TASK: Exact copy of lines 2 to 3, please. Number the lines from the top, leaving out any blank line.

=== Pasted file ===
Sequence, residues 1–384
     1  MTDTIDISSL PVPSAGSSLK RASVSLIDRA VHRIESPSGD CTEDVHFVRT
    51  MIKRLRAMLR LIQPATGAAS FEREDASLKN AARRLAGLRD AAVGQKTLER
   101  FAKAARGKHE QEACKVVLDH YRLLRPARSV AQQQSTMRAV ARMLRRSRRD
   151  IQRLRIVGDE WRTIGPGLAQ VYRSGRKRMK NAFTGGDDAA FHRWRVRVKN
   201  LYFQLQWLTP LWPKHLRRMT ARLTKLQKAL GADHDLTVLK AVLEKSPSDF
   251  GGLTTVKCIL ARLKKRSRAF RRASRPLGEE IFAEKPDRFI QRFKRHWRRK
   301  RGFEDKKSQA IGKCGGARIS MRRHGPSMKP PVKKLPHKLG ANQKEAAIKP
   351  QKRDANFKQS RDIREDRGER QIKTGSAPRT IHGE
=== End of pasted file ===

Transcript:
     1  MTDTIDISSL PVPSAGSSLK RASVSLIDRA VHRIESPSGD CTEDVHFVRT
    51  MIKRLRAMLR LIQPATGAAS FEREDASLKN AARRLAGLRD AAVGQKTLER